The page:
Anger as a source of energy: introducing the charged club music of KABLAM - Features - Mixmag
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Anger as a source of energy: introducing the charged club music of KABLAM

The Swedish artist has produced an incendiary debut EP

  • Words: Lisa Blanning | Photography: Fredrik Andersson Andersson
  • 16 June 2016
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The reason I asked is because you play a lot of music that comes from black culture in your sets. One thing I always enjoy is that you obviously like popular r'n'b, because I do, too. I wonder to myself, is this stuff in the charts in Sweden, do people listen to this kind of music there?

R'n'b and especially hip hop is really huge, for sure. The first electronic music I started listening to was hip hop, when I was a teenager. That's really big here. But now I live in Stockholm and it's not at all as white as where I grew up, quite the opposite. But it's still very segregated, as in most places.

One of the things I really appreciate is that you waited and refined your productions before you actually released something. How did you know you were finally ready to release?

I was definitely just trying to learn how to produce. I started quite recently, and I'm also self-taught. I also switched from Logic to Ableton at one point — right when I started to work on the release — and that actually changed a lot for me. I also had a studio with proper monitors, and everything just started sounding much better! It was definitely a big difference from sitting with my headphones. I started hearing more details and then working with in more detail.

But it was really hard having the courage to say, "Now I'm ready." It meant a lot for me that Dan [DeNorch, from Janus] asked me if I wanted to. I was talking to a few different labels who were interested, and it didn't really feel 100 per cent right for me to release with anybody else other than Janus. I was talking with Dan back and forth about these different labels, and he said, "I think you should do a Janus release." Then I was like, "Yes! Of course." That's the only thing that felt really right, so that meant a lot. When he asked that, I was like, "I can do this."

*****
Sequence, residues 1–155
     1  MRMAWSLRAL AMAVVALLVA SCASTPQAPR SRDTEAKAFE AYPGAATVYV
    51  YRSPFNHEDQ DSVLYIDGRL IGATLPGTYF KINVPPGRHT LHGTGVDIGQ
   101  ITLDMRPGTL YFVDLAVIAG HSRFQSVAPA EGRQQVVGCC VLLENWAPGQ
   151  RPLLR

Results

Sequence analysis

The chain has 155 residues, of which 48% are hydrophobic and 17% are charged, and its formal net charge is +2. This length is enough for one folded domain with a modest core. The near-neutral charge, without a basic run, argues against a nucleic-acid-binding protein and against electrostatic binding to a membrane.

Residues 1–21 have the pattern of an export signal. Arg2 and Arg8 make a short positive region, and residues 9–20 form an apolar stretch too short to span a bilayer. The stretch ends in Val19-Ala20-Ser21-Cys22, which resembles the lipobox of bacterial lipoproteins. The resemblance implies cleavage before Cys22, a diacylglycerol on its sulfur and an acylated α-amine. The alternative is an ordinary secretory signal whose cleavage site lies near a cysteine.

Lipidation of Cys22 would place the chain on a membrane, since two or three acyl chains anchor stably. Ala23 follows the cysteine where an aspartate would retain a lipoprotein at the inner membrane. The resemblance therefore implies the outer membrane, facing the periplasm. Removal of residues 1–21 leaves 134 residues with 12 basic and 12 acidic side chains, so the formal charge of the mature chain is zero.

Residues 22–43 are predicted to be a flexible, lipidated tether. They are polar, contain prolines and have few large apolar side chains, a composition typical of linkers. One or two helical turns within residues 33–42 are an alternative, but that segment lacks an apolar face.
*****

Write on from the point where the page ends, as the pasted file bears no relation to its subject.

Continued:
With producers, a lot of times they're using the tracks they're making in their DJ sets. Were you making tracks because you wanted to play them? Is that related to how you produce?

I didn't really have that in mind when producing this release. Everything was very intuitive with this new material. I was basically locked up in the studio five days a week, just writing. But with edits, it's more like that for me. I will make an edit to include in a DJ set. But with my original music, I never know how people are going to react to it. It's always so different from context to context. It's really hard to know if it's working or not. I don't feel like I'm making club music when I produce. But I'm using it as club music.

I was there in the beginning when you started out; you've really come far as a DJ. That Overdrive Infinity set is killer. And you're also now using three decks. Are there certain things you're trying to accomplish as a DJ other than keep the dance going?

Yeah, it's definitely not just about keeping the dance gong. Sometimes you don't even have a dancefloor. Now I've played a little around Europe, sometimes you end up in a really weird context where the rest of the line-up is techno. It's like, "What the fuck do I do now?" It's always different, for sure. I always like to have some moments of confusion or some really emotional moments, or to build up to something or play a really long a cappella of something. I like to have some abrupt moments. And sometimes I like things to be really smooth. I don't have specific goals, and it's always different depending on the context and where I am or what mood I’m in.

Sometimes, when I've kept the dance going for a while, I just get like, "Something needs to happen." I can't do just that for an hour. After a while, it gets too monotonous. But since I've started with three decks, it's more fun for me. Because I can play around much more, and have different layers — like, I can have some ambient stuff playing on one, or play around with sounds and samples more. I don't understand how people play just straight techno for hours, I would be so bored.

There's something to be said for durational clubbing, but I thought the Overdrive Infinity set was really good. It's got a real arc to it, it's very experimental, there are things in there that are very surprising. There're elements where I thought, "That shouldn't work in a DJ mix, but it does."

Yeah it’s definitely something that I like to play around with. What is “supposed” to be played in a club and what is not. I like playing around with people’s — and my own — conceptions of how things are supposed to be.

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